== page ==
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If I Had One Wish

Three wishes …

You know that game when you were a kid? The one where you get three wishes and you say, “My first wish would be for infinite wishes!”

Or maybe you say, “My third wish would be for three more wishes.”

And then some party pooper says, “Three wishes and you can’t wish for more wishes, so don’t.”

Spoil sport!

But that’s okay. I think I have this narrowed down.

If I had three wishes, my third wish would be to have the presence of mind to stay on point. Don’t get me wrong, if my mind didn’t go tripping around through all the different doors and hallways of its labyrinth-like construction, I’d be a pretty bored boy.

But I have to say that it would be nice to be able to just turn that off for long enough to get stuff done and then return to it again.


I hate boredom and it hates me. When I look back at my life, it’s always been when I’ve been bored that I’ve gotten into trouble.

So turn off the tripping, traipsing mind when I need to and turn it back on when I want to.

If I had three wishes, this would be my third and final wish.

The second wish?

Right. Good thing I have these headers to keep me focused, eh? My second wish would be a lot like my first one. A different sort of presence of mind.

This one would be the one that kicked in when I went to do something impulsive.

But I don’t want it to stop me, just make me pause and ponder whether or not I’ve done everything in my power to make sure what I’m about to do doesn’t turn out poorly.

Impulse engines ahead full …

Much of the fun I’ve had in my life has come from being impulsive. I’m the first to admit that I’ve gotten into trouble by being impulsive, but often times I’ve gotten in trouble and still had fun.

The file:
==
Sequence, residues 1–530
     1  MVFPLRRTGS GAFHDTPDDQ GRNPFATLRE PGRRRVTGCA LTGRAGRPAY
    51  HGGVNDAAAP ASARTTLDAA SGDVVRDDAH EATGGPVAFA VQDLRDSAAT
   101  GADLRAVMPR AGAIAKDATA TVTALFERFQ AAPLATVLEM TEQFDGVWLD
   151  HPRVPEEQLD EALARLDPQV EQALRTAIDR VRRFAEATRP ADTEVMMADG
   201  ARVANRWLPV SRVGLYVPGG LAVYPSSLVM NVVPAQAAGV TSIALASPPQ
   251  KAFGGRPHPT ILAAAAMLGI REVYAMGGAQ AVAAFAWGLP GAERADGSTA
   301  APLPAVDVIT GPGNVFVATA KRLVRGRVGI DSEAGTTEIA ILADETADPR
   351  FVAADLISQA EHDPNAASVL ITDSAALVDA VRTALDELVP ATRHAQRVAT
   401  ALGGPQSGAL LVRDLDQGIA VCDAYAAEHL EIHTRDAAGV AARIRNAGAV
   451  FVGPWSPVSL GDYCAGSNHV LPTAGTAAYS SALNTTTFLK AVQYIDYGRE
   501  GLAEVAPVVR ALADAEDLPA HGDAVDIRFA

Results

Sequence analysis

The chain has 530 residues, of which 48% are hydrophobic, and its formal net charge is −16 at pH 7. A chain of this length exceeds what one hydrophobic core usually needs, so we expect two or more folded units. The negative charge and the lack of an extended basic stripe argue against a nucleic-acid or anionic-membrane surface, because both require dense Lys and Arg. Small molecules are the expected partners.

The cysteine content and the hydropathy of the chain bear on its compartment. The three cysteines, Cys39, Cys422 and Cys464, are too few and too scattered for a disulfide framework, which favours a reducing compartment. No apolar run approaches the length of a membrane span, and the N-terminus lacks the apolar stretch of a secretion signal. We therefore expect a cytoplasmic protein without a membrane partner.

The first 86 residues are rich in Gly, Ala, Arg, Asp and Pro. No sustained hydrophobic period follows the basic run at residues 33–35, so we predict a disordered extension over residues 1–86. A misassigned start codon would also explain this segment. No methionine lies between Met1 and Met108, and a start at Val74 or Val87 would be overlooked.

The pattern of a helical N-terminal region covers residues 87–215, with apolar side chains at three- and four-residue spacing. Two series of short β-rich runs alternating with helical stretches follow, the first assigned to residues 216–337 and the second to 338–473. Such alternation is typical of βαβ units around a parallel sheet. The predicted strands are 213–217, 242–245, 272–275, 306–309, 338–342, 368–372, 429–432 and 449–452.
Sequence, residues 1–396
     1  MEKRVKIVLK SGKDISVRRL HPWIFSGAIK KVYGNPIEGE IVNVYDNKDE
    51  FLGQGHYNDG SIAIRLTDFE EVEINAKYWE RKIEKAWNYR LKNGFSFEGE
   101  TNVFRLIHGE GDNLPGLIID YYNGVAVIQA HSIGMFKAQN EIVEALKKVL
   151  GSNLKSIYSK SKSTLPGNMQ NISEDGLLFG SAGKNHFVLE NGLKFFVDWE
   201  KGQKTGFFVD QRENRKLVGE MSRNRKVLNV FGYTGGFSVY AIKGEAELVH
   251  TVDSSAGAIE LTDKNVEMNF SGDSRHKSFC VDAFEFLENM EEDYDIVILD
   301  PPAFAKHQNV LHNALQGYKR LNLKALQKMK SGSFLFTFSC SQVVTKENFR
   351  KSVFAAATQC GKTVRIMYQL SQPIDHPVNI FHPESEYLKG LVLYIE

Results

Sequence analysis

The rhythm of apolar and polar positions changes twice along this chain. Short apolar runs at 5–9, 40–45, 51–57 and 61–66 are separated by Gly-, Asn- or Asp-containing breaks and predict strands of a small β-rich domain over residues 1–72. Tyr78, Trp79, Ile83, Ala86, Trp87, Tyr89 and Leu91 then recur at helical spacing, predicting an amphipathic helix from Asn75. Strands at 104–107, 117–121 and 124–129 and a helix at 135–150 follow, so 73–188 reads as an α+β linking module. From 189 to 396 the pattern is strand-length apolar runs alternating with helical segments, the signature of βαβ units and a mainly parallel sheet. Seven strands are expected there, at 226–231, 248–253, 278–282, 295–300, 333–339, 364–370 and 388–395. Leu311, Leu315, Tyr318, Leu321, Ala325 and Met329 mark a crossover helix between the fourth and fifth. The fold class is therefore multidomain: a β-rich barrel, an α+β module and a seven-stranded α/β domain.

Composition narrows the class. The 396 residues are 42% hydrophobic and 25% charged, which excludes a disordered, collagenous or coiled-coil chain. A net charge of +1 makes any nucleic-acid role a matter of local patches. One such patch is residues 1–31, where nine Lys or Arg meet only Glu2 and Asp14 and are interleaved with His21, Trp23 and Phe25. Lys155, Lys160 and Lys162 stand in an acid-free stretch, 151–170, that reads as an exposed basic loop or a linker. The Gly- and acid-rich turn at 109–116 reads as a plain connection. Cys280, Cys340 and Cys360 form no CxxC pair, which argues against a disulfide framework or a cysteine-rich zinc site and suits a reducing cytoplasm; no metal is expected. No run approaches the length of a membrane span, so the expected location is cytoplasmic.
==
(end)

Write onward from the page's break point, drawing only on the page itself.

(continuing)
All I want is to know that I’ve done everything in my power to reduce the trouble to a minimum.

So if I only had two wishes, this would be the last one I’d make.

And if I only had one wish?

That’s an easy one. I wouldn’t change anything about the way my brain works. I’d live with it. Deal with the consequences, pretty much like I do now. But I would wish to be happy and content with this old brain.

Now in truth, I’m a pretty happy guy. It looks like I had that one wish and I made it. But in the dark moments, when I stop to ponder my life and the world I’ve affected around me, I often find discontentment, guilt, and shame.

It’s not for me …

My logical mind says that these things do not belong to me, but my caring mind shoulders that burden and carries it, out of sight of those who would feel like they need to help me with it.

And I would give almost anything to never have to show it to anyone, but sometimes circumstance demands that I have to set it down in front of the world and … there it is.

So if I could, I would wish that all that guilt and shame – that I know is not my fault and that I cannot fix – would go to hell and stay there.

I’d wish that I could live in this world without anyone having to worry about or feel sorry for me.

If I Had One Wish

Kelly Babcock

I was born in the city of Toronto in 1959, but moved when I was in my fourth year of life. I was raised and educated in a rural setting, growing up in a manner I like to refer to as free range. I live on the traditional lands of the Chippewas of Nawash in an area where my family history stretches back 6 or 7 generations and my First Nations friend's families go back hundreds of generations. I was diagnosed with ADHD at the age of 50 and have been both struggling with the new reality and using my discoveries to make my life better. I am a freelance writer and I write two blogs here at Psych Central, one about living with ADHD and one that is a daily positive affirmation that acts as an example of finding the good in as much of my life as I possibly can.

Find out more about me on my website: writeofway.

email me at ADHD Man

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APA Reference
Babcock, K. (2018). If I Had One Wish. Psych Central. Retrieved on August 3, 2020, from


Last updated: 15 Sep 2018
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